This site really stressed the importance of organization in a talk. It must have been geared toward longer talks, because he suggested breaking the talk up into 3 main points that could stand alone as short talks themselves. I liked the suggestion of keeping the audienced informed and constantly reminding them of where you're going in the talk. One debatable point was that equations should be a last resort for expressing an idea. I liked this site, because he emphasizes making a talk accessible to an audience.

Website #2: How to Give a Good Talk by Joseph Gallian (article from Math Horizons)

This article was geared towards undergraduates, and it had a lot of preparation suggestions that I found useful. As far as suggestions for our critique sheet, I think providing context for your talk and relating your topic to other fields are very important if possible. He also suggested showing enthusiasm for the subject because it energizes the audience. This article was useful because it emphasized how a speaker should feed off of the audience and adapt to the reactions they give.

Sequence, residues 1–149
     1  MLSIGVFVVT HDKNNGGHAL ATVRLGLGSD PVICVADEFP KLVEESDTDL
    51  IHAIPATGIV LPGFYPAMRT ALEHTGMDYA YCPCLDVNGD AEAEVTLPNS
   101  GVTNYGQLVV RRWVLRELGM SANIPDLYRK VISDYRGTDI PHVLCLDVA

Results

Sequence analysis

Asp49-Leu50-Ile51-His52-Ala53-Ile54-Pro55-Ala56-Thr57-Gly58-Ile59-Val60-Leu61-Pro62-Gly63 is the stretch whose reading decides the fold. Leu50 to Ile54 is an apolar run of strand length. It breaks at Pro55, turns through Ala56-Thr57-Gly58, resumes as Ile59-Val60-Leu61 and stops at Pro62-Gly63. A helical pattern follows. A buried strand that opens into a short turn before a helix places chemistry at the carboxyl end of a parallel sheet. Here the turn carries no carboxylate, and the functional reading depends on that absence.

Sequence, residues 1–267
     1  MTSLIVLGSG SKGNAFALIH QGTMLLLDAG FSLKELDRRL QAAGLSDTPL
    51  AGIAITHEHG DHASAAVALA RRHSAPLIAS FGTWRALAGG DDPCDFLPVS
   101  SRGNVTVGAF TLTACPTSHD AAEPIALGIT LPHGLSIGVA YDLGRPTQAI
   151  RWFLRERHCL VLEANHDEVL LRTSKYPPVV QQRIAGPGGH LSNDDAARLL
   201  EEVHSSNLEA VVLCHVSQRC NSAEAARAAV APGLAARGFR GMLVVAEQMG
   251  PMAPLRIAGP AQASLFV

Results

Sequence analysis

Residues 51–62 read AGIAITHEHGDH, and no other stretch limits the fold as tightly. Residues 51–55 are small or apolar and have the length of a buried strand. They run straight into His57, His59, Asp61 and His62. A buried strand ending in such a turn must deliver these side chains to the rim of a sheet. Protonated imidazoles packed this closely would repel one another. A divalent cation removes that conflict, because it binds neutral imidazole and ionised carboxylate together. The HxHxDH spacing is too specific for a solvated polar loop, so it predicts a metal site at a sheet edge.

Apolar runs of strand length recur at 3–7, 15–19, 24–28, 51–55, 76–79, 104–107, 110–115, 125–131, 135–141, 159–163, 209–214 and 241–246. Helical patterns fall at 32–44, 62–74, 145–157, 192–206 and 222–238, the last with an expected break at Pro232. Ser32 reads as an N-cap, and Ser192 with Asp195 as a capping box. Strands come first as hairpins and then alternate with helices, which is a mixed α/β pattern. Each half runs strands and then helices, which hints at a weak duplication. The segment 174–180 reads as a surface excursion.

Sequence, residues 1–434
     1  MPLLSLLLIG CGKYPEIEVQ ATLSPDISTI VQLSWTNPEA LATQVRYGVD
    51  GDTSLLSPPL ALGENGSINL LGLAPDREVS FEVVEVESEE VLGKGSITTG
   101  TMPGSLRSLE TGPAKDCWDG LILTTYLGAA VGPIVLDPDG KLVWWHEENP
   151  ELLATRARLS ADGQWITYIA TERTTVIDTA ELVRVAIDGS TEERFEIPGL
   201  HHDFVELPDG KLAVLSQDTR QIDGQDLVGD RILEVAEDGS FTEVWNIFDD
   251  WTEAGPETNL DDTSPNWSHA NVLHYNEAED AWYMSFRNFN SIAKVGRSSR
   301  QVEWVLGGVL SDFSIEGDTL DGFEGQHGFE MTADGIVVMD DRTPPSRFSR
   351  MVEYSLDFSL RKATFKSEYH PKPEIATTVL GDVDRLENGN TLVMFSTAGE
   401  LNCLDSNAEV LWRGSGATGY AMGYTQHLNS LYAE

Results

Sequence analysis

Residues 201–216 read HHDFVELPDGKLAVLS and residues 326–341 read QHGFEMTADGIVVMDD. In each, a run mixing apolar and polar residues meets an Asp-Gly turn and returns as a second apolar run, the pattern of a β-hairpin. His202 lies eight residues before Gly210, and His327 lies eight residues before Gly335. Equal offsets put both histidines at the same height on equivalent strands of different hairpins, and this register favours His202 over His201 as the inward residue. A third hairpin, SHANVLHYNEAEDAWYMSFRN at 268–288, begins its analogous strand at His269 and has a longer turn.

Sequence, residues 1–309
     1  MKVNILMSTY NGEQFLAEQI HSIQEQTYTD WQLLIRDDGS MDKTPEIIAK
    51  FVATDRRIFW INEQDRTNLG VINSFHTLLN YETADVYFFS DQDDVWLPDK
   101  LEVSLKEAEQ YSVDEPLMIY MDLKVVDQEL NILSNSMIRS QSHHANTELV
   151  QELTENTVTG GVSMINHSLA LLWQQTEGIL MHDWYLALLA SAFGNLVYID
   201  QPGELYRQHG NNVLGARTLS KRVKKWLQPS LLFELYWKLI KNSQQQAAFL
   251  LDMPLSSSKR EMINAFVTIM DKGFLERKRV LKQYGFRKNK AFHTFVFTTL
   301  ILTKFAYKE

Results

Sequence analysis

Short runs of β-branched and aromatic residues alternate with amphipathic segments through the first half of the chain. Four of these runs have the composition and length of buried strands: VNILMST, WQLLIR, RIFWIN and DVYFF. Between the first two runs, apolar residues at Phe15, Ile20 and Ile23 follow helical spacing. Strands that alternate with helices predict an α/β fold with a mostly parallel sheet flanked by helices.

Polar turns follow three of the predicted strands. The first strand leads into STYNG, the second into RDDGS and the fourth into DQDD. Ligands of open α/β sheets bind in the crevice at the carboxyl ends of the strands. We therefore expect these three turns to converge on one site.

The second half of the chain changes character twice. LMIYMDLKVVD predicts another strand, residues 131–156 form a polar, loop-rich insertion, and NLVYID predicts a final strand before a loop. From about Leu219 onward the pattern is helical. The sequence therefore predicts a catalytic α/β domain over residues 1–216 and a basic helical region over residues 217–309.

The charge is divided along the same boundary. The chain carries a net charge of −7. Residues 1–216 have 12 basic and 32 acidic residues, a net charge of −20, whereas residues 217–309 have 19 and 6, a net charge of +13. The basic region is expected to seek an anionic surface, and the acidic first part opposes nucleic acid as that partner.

Website #3: Ten Secrets to Giving a Good Scientific Talk

This website had a lot of the same stuff as the previous two, however it had some good suggestions on fielding questions. The main point was to be personable when taking questions. Repeat the question to buy you time and to clarify. Admit you don't know if you don't know the answer. Don't argue with a questioner. Questions are a good sign that you have stimulated the audience and a good indication of the points you have not communicated clearly.
One suggestion that came up in a couple of the websites was to do a self-evaluation after you have given a talk, which seems like a very useful thing to do to polish your public speaking skills.


After reviewing several articles, I have concluded that giving talks is likely a lot like playing chess. Learning the basic moves is easy but the mastery will come from experience.

Article 1:

Giving a Talk : Guidelines for the Preparation and Presentation of Technical Seminars Author : Frank R. Kschischang
This is a short but useful article. It stresses the idea of focusing your talk around a "take-away message" which are the 3 or 4 most important points you are trying to communicate. It goes on to explain how to structure your talk around this idea.